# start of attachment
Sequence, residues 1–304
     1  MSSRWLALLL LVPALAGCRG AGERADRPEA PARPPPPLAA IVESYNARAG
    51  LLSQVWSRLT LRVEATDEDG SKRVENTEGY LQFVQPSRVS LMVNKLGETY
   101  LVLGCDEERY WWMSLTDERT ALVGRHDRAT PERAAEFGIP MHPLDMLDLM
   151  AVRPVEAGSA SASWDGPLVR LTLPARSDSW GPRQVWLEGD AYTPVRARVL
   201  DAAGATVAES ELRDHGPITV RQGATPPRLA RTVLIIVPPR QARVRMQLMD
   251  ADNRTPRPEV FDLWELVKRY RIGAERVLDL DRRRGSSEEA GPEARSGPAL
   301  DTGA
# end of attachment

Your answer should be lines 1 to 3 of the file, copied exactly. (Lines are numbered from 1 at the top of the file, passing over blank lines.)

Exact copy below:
Sequence, residues 1–304
     1  MSSRWLALLL LVPALAGCRG AGERADRPEA PARPPPPLAA IVESYNARAG
    51  LLSQVWSRLT LRVEATDEDG SKRVENTEGY LQFVQPSRVS LMVNKLGETY